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Proposed gun bill package coming to General Assembly draws support and opposition

Sarah Mueller

For every Wawa in Delaware, there are four federally licensed firearm dealers.

Advocates seeking to curb gun violence are cheering on new efforts to push stricter gun laws through the General Assembly, but others are pushing back.

Executive Director of the Delaware Coalition Against Gun Violence Traci Murphy says it’s too easy to buy a weapon of war meant for the battlefield, not a backyard.

“We live in a country with more guns than people," Murphy said. "There will never be enough done to fully prevent and solve this crisis, but we can do better.”

Murphy supports the package of gun safety bills introduced Thursday, which would ban assault weapons sales, limit high capacity magazines, raise the age to legally buy a firearm to 21, and enhance background checks.

She argues these measures will help prevent mass shootings, and self-harm.

“Mass traumas like the mass tragedy in Uvalde, and I do not want to diminish that because it breaks my heart," Murphy said. "These children were unrecognizable because of the kind of weapon that was used. That is unacceptable. But we need to recognize that 60% of all gun deaths every year are suicide, and to me that is so preventable.”

However, members of other organizations say while they support enhanced background checks, banning the sale of certain weapons and restricting ages only hurts law abiding gun owners.

Erin Chronister is the founder and director of the Women’s Defense Coalition of Delaware. She supports HB423, which would enhance background checks to include local records, but argues banning the sale of assault weapons and high capacity magazines won’t matter.

“I think absolutely if someone is intend on doing harm they are going to find a way whether its by buying a firearm off a street corner or utilizing the rental program that they have in the streets of Wilmington," Chronister said, who is also a firearms training specialist. "Someone will say ‘hey I need a gun’ and they’ll drop it at a specific location, the person who is renting it will go pick it up, and then they will drop it at a specific location for the next person.”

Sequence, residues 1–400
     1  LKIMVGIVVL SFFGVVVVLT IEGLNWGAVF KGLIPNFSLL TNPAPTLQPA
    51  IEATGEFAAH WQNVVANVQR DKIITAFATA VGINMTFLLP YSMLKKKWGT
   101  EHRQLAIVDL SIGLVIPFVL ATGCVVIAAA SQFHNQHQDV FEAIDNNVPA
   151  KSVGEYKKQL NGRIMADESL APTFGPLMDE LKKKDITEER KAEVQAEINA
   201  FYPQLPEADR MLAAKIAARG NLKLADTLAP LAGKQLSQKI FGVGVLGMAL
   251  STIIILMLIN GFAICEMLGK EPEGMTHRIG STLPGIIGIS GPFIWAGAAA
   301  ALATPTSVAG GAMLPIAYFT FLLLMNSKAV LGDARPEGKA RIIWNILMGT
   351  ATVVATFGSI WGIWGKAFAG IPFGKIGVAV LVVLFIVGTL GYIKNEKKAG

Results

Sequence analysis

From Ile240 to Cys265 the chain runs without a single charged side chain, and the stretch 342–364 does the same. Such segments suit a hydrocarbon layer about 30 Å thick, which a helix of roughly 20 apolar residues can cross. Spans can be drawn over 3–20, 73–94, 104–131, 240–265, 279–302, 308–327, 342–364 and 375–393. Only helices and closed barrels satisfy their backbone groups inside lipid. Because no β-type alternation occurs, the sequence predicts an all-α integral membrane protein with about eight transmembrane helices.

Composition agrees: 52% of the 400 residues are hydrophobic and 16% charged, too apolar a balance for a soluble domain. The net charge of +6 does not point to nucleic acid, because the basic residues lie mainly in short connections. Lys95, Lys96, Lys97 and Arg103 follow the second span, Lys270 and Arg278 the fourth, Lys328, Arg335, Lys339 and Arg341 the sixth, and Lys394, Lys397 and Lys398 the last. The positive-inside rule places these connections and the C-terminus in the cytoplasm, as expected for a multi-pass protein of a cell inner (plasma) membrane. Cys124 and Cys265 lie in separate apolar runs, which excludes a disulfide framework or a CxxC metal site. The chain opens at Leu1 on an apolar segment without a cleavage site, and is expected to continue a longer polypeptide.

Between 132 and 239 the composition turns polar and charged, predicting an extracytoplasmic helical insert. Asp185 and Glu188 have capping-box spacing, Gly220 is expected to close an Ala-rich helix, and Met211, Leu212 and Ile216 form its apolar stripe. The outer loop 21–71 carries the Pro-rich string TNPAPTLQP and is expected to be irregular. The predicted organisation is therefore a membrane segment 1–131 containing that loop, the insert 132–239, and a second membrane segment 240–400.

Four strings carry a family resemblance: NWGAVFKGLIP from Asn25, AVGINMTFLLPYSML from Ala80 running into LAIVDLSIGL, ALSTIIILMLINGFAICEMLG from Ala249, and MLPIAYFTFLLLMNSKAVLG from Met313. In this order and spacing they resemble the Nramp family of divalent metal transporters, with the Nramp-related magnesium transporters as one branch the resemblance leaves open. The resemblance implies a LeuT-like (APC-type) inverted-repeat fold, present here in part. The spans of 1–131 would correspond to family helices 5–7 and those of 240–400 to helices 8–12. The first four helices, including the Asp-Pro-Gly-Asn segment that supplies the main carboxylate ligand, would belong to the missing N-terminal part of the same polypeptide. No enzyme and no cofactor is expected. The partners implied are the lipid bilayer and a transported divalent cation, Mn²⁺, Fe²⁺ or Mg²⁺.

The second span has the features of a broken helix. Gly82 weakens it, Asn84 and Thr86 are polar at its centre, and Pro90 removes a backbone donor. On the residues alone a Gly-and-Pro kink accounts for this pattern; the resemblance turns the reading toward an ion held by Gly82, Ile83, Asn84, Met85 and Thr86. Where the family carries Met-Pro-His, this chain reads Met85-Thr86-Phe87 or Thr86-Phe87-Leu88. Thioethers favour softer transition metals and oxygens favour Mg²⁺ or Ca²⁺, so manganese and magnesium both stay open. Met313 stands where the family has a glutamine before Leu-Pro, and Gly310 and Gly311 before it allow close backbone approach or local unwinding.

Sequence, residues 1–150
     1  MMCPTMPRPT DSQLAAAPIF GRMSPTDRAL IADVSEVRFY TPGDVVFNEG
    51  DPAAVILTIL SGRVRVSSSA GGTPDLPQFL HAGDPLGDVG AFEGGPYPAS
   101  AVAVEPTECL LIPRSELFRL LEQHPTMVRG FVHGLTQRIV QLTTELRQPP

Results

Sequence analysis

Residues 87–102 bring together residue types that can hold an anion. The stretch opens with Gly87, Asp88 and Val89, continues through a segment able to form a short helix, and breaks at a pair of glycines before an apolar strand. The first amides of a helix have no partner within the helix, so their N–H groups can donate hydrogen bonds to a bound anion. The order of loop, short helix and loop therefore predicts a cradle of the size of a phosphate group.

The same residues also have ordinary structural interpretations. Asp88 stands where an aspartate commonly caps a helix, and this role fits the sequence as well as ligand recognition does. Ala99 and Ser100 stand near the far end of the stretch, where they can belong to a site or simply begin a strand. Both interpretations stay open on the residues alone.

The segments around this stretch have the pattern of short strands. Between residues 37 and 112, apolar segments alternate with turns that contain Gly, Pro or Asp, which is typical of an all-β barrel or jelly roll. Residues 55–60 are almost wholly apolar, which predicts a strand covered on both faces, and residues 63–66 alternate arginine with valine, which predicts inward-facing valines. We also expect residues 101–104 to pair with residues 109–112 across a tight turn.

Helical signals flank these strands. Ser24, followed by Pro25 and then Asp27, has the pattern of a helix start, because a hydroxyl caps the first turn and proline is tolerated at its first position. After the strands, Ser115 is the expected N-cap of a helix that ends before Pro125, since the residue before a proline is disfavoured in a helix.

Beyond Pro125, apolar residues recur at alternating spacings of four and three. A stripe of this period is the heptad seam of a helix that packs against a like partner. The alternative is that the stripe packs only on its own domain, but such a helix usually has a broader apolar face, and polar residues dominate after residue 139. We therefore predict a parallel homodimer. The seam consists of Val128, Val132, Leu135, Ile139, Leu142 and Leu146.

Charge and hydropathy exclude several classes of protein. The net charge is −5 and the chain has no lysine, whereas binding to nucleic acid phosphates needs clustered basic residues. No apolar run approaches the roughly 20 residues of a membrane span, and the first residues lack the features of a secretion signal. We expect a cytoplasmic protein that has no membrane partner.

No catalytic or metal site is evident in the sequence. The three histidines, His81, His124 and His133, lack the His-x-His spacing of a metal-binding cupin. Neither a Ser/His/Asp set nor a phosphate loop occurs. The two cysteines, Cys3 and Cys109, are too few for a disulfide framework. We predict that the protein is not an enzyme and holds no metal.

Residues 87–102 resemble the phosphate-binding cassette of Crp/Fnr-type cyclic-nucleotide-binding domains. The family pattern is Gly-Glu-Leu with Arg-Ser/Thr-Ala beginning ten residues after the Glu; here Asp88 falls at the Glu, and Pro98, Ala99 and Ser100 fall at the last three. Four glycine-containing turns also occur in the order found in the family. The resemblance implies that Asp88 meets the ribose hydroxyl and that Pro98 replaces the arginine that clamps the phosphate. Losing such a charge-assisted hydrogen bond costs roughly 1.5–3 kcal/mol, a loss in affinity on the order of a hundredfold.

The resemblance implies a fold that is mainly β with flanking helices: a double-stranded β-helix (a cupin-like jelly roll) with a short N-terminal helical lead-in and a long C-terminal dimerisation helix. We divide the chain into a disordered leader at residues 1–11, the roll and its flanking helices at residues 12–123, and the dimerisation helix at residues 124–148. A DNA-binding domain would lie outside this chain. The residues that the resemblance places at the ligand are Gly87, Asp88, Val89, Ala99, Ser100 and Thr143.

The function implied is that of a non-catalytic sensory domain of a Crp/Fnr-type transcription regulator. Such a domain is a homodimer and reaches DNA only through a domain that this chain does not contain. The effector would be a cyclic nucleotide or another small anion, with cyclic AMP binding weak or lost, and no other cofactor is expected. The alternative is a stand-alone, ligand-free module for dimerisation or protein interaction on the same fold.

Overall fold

Chronister also opposes raising the legal age to purchase a firearm to 21. She says domestic violence does not start at a specific age, and here are women under 21 who need to protect themselves.

Delaware State Sportsmen's Association president Jeff Hague says until focus shifts from banning the object to preventing the wrong people from obtaining guns, violent crime will never be solved, adding bans will only affect law-abiding citizens.

According to the CDC, in an average year, 107 people die
and 279 are wounded by guns in Delaware. Hague says gun violence is concentrated in Wilmington, and is overwhelmingly committed by people who have been convicted of violent crimes before.

"If you look at the analysis of the suspects, a full 80% or so of the suspects had two or more prior gun crime convictions. Interestingly, 70% of the victims also had two or more prior violent felony weapons convictions. That tells me that it's bad guys shooting bad guys. And if you look at the rest of the statistics that are out there, 80% of urban crime is a result of gangs and drugs."

However, in many recent cases, shooters were able to legally obtain a gun, which is where Hague says Red Flag Laws come in.

"If you look at these shooters and their histories, you can easily say, 'well wait a minute, this person has mental problems,' and if it had been taken care of and reported back when, he would have been listed as unable to buy a firearm because of an institutionalization for mental health. And that makes him prohibited from buying a firearm. And an instant check would have picked that up."

Hague says these bills could be on Carney's desk as soon as mid-June, in which case DSSA will evaluate their options to combat HB450 and HB451.

Rachel Sawicki is Delaware Public Media's New Castle County Reporter. They are non-binary and use they/them pronouns.